Hot Tools Signature Series Curling Iron
Last updated date: April 29, 2019
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An Overview On Curling Irons
Technology has made our lives easier and much more pleasant. Not often at the top of the list, but certainly deserving, are hot tools for styling hair. You don’t have to settle for the hair texture you were born with. What’s more, with the user-friendly and inexpensive styling tools available now, you can change your style daily and safely. Flat irons or straightening irons have smooth, straight hair on lock, but curling irons create a wide range of curls, waves and coils. No matter how stick-straight your hair’s natural texture is, you can transform it into a head full of curls.
And, there are so many different variations, there’s a specific curling iron that’s ideal for every hair length and type. However, the number of curling irons available can make your head, instead of your hair, spin.
A general rule of thumb to follow is the smaller barrels are better for shorter hair and tighter coils. Larger barrels, around 1¼-inch to 1½-inch, work best for long hair. Barrels top out around 2,” and these massive tools can produce equally buoyant beachy waves or loads of volume. In contrast, the smallest ¾ to 1-inch barrels create corkscrews and vintage looks. Right in the middle, 1-inch barrels are the most versatile and produce classic curls and defined waves.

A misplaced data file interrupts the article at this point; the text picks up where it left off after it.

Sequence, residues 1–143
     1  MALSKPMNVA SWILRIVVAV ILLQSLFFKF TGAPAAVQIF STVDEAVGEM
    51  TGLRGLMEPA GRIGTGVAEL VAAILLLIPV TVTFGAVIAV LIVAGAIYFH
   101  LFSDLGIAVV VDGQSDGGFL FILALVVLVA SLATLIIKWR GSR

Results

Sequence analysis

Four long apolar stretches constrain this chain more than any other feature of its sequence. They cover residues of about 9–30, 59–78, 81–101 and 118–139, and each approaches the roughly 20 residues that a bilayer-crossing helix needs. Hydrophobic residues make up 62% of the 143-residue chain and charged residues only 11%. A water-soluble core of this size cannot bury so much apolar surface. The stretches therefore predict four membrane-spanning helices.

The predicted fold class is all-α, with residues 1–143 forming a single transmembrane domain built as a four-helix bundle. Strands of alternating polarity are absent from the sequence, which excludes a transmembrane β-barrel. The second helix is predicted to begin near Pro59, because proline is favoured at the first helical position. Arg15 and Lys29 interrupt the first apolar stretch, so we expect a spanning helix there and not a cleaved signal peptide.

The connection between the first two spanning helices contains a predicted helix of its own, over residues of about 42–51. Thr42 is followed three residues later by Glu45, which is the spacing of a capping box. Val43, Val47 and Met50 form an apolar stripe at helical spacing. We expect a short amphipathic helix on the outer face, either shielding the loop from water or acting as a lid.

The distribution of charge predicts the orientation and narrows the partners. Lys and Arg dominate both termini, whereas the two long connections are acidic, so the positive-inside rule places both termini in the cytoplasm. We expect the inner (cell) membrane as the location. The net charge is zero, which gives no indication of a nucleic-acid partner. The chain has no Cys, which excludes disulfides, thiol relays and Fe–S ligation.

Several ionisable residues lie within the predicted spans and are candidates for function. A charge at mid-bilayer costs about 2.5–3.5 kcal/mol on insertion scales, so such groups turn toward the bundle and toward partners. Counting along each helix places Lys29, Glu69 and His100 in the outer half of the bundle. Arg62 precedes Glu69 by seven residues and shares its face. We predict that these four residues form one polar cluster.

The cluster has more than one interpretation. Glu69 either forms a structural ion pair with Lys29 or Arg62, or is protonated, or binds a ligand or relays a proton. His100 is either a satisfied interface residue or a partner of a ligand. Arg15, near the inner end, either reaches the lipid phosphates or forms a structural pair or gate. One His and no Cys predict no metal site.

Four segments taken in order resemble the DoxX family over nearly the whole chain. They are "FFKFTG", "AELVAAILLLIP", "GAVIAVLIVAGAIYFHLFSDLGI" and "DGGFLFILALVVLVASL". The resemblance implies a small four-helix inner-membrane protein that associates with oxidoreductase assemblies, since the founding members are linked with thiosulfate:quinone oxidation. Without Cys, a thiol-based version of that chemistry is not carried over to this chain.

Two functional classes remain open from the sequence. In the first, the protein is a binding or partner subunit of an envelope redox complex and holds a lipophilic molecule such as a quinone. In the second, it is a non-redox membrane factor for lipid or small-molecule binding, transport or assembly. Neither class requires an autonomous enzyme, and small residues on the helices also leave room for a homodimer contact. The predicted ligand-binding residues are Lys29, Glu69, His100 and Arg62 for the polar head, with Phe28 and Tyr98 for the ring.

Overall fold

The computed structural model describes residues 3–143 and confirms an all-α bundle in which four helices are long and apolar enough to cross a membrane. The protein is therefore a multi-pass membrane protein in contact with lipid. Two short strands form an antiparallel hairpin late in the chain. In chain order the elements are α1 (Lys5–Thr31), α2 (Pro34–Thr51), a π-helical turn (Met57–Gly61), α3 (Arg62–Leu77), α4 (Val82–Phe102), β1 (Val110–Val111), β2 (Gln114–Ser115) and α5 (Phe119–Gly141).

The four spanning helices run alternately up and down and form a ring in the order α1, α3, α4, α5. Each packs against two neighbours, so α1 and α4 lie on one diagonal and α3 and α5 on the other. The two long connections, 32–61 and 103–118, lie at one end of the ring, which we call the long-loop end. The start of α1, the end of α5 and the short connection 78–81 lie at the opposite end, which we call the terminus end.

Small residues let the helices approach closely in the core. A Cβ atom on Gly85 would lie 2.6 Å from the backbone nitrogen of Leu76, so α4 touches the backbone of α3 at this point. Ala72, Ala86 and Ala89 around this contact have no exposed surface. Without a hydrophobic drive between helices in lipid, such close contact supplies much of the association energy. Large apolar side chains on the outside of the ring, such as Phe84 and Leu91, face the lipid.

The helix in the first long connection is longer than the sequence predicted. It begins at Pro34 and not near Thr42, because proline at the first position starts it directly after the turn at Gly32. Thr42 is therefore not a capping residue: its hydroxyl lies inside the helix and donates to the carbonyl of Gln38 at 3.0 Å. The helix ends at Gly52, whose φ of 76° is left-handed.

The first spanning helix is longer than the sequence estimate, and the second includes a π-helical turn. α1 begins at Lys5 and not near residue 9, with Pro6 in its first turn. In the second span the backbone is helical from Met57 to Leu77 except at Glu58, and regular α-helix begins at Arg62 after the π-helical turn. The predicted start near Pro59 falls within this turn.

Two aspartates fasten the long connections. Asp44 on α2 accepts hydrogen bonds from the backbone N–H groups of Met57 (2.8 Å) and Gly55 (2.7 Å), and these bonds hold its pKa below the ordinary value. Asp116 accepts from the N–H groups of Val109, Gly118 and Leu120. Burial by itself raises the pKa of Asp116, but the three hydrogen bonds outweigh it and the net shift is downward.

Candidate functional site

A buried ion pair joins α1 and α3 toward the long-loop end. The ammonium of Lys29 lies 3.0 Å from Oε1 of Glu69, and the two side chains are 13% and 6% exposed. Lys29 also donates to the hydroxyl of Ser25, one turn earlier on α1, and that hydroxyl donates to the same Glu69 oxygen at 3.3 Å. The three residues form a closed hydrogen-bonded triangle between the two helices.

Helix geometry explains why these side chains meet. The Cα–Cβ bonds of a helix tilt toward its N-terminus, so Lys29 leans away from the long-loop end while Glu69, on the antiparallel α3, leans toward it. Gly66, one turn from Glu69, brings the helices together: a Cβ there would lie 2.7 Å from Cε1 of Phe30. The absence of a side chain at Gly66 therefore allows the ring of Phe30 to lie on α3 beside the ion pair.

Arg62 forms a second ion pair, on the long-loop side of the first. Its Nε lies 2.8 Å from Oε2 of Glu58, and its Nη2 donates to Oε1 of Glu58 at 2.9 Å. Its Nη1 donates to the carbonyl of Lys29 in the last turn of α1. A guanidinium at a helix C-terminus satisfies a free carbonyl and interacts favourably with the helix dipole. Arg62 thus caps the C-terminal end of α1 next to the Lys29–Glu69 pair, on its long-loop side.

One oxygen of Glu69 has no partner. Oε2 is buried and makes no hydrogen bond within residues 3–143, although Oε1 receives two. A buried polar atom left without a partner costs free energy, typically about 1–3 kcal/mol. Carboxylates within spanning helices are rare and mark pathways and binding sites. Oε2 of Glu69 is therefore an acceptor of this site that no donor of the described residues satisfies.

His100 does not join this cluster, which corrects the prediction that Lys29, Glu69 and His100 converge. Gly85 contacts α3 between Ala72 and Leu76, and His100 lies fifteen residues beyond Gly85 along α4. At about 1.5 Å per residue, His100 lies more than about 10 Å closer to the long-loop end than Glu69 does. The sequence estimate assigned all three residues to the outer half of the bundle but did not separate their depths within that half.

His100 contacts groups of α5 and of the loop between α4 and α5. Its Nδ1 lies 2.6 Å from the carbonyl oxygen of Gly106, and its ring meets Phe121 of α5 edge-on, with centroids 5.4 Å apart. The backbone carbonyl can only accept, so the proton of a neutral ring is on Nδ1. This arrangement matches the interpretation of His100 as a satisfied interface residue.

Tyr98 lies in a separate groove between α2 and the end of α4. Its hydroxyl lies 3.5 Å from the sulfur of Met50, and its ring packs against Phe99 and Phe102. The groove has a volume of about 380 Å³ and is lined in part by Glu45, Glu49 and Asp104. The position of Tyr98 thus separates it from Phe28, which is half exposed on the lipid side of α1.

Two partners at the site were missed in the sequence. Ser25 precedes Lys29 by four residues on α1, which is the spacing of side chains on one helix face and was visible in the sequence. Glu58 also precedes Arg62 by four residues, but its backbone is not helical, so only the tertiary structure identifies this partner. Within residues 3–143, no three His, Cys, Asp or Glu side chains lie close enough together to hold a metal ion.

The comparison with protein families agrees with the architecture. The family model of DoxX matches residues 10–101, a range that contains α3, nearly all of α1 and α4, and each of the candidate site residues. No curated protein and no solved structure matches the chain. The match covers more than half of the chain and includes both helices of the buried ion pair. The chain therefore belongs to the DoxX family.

Beyond sizes, there are many different types of materials used in the barrels of curling irons: ceramic, Teflon and a few types of metal. Trendy materials also include tourmaline and titanium. Each one has varying benefits and can work better for certain types of hair.
Ceramic barrels disperse negative ions, which can smooth and protect hair. It also works best at a lower temperature range and can safely curl thin hair. In addition to negative ions, super durable titanium barrels, as well as those made of tourmaline, also produce infrared heat. As such, they are excellent at removing frizz from thick or coarse hair. The BaBylissPRO Nano Titanium Spring Curling Iron is made of titanium and has 50 fine-tuned heat settings to make the most of the material.
A luxurious option is a 24K barrel. Gold irons emit quick, high and even heat. Plus, the mini gold particles help enhance hair follicles and potentially prevent hair loss.
One thing they all have in common is their ability to heat up to high enough temperatures to transmit the heat to hair and transform stick straight locks into cascading curls.
A wand is great if you want natural-looking waves and beachy curls. In addition, interchangeable irons let you switch out barrel sizes for a wide range of curly looks. Clip curling irons, like the Conair Instant Heat Curling Iron, produce tighter, ringlet-style twists. They can still look natural and come in a variety of barrel sizes. The Conair model is available in four different barrel sizes.